Police in Neuchâtel have a new aid in discovering the cause of suspicious fires: Dusty, Switzerland's first "fire investigation dog".This content was published on September 30, 2005 - 11:57
Dusty, a four-year-old springer spaniel, showed off his skills recently by picking out, from five charcoaled carpets, the one that had been treated with a drop of fuel.
Sniffer dogs are already used for detecting drugs, explosives, corpses, smuggled food and for tracking. Fire investigation dogs are trained to locate a variety of flammable liquids among fire debris when arson is suspected.
According to Emre Ertan, Dusty's owner and a fire investigator for Neuchâtel police, arson accounts for only a small percentage of fires.
"I'd say 50 per cent of fires are to do with 'human action' and the others are mainly technical, for example electrical faults," Ertan tells swissinfo. "Out of those human action fires, most are accidents such as cigarettes which aren't put out."
Fire investigators make an initial assessment of the site and then call for the dog if they suspect arson.
"We don't send the dog in on a 'blank' site not knowing what's going on – there's always a preliminary investigation," he says.
Dusty then goes into action once the fire is extinguished and the scene is cold.
Wearing fetching protective boots, he quickly tracks down the vapour given off by any liquid accelerants, substances used to aid the spread of fire such as petrol, kerosene, turpentine and diesel.
He indicates the location of the accelerant by pointing at the source with his nose. A sample is then taken away for forensic laboratory examination.
"Dogs are a great help at a fire site," says Ertan. "They can detect something that analytical instruments won't."
Humans can train their sense of smell, but even the refined nose of an expert wine taster – "Mmm, an oaky body with a hint of meths" – doesn't come anywhere near that of a dog. And then there's a dog's speed.
"If you went to a football pitch and put a drop of petrol on a blade of grass, Dusty would find it in two to three minutes," Ertan explains. "Humans, despite all our analytical instruments, would probably never find it."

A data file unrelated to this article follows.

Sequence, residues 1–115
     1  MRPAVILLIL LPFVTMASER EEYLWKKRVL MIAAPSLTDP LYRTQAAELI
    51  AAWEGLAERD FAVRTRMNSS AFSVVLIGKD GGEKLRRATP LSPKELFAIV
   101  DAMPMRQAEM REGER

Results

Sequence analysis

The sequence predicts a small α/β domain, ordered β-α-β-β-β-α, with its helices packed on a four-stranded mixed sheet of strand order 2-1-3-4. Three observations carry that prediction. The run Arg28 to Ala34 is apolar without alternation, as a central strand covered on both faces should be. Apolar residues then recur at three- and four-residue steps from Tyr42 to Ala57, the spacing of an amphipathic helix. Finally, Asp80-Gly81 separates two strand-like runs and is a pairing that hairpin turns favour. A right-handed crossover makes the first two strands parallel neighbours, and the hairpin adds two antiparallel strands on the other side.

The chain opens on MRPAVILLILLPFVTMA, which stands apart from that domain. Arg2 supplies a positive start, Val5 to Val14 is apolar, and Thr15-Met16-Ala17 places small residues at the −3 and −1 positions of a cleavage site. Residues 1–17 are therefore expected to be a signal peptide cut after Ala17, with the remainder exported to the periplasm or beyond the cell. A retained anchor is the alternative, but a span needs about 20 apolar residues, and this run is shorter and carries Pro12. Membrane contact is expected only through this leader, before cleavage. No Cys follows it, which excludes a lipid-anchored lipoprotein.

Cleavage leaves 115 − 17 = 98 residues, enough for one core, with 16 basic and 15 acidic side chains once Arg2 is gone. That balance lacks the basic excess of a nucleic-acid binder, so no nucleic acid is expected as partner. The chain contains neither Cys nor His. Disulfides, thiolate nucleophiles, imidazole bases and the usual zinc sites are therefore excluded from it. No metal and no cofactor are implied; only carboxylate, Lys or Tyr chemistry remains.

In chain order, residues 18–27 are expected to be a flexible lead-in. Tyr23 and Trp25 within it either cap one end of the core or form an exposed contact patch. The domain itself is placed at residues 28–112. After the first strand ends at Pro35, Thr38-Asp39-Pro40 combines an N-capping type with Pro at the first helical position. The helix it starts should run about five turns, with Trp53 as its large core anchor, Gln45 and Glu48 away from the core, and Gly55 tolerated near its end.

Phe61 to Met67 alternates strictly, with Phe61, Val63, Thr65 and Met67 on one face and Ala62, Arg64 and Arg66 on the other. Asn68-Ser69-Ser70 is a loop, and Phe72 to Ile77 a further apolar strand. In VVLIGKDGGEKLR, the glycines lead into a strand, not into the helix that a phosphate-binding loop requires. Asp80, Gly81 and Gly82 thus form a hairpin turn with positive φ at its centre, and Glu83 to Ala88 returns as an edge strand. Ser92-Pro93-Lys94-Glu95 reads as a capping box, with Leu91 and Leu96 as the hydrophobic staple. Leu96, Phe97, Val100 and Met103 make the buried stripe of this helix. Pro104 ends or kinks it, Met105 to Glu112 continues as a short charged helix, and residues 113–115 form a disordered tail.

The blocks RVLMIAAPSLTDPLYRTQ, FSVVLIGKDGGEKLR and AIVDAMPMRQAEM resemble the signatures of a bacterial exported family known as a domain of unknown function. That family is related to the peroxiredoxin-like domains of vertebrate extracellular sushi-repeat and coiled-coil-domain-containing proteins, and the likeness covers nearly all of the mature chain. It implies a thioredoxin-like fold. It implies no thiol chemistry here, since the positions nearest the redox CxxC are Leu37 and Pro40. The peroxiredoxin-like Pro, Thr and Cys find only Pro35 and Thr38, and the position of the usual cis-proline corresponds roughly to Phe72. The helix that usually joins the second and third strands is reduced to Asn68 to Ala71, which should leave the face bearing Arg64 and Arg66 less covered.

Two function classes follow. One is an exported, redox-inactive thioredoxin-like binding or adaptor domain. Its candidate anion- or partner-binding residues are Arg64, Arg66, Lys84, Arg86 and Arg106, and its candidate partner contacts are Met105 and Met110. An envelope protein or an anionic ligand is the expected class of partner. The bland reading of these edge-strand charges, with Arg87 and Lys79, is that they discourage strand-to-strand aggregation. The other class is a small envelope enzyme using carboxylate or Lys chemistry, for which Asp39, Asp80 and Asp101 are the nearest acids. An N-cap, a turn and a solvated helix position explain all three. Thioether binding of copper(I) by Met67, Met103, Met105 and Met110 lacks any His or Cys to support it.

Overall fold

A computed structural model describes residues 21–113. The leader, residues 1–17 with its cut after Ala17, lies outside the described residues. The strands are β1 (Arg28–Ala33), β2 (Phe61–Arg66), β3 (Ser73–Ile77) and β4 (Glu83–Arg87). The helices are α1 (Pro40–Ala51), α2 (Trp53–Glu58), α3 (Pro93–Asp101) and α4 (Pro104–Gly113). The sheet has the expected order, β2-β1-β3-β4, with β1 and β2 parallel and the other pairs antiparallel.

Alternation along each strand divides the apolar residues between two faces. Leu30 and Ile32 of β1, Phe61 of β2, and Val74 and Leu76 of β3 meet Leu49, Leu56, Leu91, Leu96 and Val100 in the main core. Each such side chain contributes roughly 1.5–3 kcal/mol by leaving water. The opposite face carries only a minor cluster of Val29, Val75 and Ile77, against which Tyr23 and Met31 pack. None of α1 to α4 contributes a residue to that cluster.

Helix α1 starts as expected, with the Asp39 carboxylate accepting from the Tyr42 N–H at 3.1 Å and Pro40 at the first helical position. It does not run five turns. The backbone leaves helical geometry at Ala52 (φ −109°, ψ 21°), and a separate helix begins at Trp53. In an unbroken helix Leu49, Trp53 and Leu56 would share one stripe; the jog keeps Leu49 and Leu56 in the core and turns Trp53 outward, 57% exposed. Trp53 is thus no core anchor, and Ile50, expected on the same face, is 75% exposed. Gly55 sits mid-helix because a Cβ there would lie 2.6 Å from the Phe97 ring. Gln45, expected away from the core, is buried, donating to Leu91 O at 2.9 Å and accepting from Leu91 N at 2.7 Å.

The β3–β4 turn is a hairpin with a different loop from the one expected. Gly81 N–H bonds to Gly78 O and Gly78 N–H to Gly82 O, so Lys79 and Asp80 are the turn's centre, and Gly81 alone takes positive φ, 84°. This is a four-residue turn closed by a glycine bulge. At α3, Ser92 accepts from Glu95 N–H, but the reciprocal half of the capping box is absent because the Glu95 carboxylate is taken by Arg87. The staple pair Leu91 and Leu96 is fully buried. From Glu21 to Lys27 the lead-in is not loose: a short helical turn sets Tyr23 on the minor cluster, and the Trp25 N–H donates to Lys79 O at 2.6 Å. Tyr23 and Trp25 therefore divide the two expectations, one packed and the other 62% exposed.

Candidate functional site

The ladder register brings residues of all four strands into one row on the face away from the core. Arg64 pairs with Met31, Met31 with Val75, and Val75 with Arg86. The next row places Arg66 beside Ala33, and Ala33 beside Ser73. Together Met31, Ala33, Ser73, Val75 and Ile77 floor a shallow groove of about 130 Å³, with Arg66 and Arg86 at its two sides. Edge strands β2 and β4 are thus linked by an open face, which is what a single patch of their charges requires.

A dog's ability to search a large area quickly and efficiently reduces the time an investigator spends on excavating and sampling fire debris and it reduces the number of samples required for expensive forensic testing.
If dangerous chemicals are known to be at the fire scene, dogs could be endangered by smelling debris – asbestos fibres and mineral fibres from insulation are a particular problem – but Ertan denies they are put at unreasonable risk.
"We haven't had any complaints yet," he says. "We know that in Britain the RSPCA [the Royal Society for the Prevention of Cruelty to Animals] made a few inquiries and the dogs were monitored by vets, but they haven't discovered anything suspicious."
"We always do a risk assessment at the site before sending Dusty in – to check that there are no holes for him to fall through," Ertan says. "However, he does wear little boots to protect his paws from broken glass and charred wood."
Doesn't he go berserk near a petrol station? "No, because he's totally conditioned and knows when he's 'at work' – although it's not work for him, it's a game. So when I put his boots and harness on, he goes into game mode and starts searching for petrol."
Ertan admits detection is very tiring for dogs. "They'll work for 15-20 minutes on a cold day and a maximum of ten minutes on a warm day and then they'll need an hour or an hour-and-a-half's rest." Nice work if you can get it. "It's equivalent to a good three- or four-hour walk for us," Ertan adds.
Success does not come overnight, however. Basic dog training takes at least six months and then another six months is needed to get them used to the different accelerants.
Training generally involves a series of exercises where the dog retrieves a hidden object that carries the target scent. He is then rewarded by his handler for a successful "find" – in Dusty's case a mangled tennis ball.
Although all dogs can become sniffers, some breeds are more acquiescent than others.
"Springer spaniels are very easy dogs to train and they'll do anything for their dog-handler – which is not the case with a Belgian shepherd," says Ertan. "Springer spaniels are very motivated to please their handler."
"The idea of the game is that the dog wants to play with his master," he says. "The whole thing works if there's a very strong bond between the dog and the dog-handler."
swissinfo, Thomas Stephens
The nose membranes of dogs are many times more sensitive than those of humans and a much larger part of their brain is dedicated to scent detection.
This is a result of evolution: a keener sense of smell gave a wild dog a competitive advantage in tracking down prey.
Neuchâtel police bought Dusty for SFr5,000 ($4,000) in Britain.
Normally such a dog costs around SFr15,000.
Dusty, a four-year-old springer spaniel, is Switzerland's first fire investigation dog.
A dog can detect fire accelerants more accurately and more quickly than existing technologies.
Since Dusty's success in Neuchâtel, fire investigation dogs have been introduced in cantons Solothurn and Schwyz and two are being trained in Vaud and Bern.
Of the 426 reported fires in Neuchâtel in 2004, 11 were identified as criminal.
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